It’s been an odd year, to say the least, with a heavy impact on our working lives. Millions of technologists spent the first half of the year figuring out how to best work remotely; now, many are determining the safest way to go back to the office. And if you’re one of those folks searching for a new gig, you’re probably wondering how to tailor your résumé to reflect the current times.
Dice’s ongoing Sentiment Survey has repeatedly shown that roughly a third of technologists who are employed full-time plan on looking for a new job sometime in the next two weeks. That suggests a lot of collective confidence in their skills. On top of that, many technology sub-industries, such as cybersecurity, have been experiencing heightened demand.
For technologists exploring the market right now, it also means there’s competition out there. So how can you make your résumé stand out in the crowd?
Soft Skills Matter
No matter what the year, of course, some things about your résumé should never change:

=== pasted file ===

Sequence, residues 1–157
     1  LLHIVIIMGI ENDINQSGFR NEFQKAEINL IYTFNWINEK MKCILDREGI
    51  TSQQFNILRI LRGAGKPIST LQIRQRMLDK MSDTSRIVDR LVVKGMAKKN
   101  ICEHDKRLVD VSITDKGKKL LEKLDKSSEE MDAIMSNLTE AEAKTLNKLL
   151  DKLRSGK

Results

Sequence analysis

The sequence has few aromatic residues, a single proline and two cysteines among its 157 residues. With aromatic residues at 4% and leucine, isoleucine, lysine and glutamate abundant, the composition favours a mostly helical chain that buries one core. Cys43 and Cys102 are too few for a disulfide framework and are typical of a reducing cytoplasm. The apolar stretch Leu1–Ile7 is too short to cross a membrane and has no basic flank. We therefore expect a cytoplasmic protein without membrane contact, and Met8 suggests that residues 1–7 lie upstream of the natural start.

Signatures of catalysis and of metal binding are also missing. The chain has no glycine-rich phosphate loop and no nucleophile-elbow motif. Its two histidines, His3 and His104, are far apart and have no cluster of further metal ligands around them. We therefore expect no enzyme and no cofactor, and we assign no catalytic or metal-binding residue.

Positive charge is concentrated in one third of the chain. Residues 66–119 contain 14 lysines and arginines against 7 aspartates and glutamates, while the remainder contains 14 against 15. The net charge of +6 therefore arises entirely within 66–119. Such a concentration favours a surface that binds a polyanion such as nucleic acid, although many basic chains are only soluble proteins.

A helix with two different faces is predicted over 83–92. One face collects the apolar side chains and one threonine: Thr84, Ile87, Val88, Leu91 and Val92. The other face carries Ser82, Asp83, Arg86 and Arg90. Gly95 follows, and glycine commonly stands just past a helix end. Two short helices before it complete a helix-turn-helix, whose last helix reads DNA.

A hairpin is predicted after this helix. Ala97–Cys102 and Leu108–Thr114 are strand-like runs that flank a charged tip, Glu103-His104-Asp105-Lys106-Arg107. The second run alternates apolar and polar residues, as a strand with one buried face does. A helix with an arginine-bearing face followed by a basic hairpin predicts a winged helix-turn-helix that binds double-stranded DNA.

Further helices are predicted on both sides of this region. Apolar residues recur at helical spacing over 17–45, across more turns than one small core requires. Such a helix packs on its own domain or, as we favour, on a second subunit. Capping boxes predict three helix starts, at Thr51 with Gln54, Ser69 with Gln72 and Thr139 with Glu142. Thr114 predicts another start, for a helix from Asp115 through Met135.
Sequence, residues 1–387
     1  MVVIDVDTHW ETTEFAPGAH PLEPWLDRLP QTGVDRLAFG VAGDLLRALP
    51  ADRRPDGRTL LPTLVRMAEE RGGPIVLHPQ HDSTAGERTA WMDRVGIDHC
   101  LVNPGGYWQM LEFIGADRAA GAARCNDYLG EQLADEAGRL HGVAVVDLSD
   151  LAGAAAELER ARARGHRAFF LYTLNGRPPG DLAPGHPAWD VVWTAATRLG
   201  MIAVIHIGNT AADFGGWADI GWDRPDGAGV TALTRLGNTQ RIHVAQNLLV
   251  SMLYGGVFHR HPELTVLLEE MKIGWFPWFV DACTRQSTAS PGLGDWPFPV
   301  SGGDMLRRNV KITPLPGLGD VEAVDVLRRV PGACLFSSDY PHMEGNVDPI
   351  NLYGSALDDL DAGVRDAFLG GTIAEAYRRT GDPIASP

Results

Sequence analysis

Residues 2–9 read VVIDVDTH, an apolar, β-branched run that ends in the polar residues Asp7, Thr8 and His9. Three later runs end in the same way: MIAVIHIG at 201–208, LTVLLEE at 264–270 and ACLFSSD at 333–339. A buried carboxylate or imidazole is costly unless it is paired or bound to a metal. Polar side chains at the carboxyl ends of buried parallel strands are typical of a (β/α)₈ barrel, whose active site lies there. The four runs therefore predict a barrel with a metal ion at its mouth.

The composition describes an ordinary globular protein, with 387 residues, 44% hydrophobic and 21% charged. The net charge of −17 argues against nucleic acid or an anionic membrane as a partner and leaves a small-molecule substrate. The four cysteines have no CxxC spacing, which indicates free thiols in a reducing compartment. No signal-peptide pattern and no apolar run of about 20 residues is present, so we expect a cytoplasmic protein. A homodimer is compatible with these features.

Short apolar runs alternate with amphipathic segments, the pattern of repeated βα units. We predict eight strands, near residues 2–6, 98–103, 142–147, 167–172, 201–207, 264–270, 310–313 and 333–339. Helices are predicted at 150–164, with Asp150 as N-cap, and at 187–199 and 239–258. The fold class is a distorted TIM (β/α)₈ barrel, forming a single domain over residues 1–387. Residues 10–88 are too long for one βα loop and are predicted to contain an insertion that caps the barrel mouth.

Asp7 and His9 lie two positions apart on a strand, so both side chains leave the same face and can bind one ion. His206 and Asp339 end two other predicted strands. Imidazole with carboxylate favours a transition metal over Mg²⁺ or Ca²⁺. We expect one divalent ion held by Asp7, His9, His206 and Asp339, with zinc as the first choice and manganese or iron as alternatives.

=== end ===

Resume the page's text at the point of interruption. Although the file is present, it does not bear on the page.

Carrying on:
- Try to limit your résumé to one or two pages.
- Avoid small text and difficult-to-read fonts.
- No flashy layouts; résumé-reading software may have a hard time.
In addition, remember that soft skills such as communication and empathy are especially critical right now. With everyone working remotely (sometimes with poor internet connections), being able to concisely explain ideas, listen to others, and effectively manage teams with a minimum of friction are all more critical than ever. (If you’re starting from scratch, follow these handy templates for tech-résumé building.)
Reuben Yonatan, CEO of GetVoIP, concurs with that idea: “To make your résumé stand out during COVID-19, highlight skills that are uniquely suited to the current climate. For example, emotional intelligence: Companies are desperate for emotionally intelligent leaders who can help manage remote workers. If you indicate that you are emotionally intelligent and give an example illustrating the same, you will stand out.”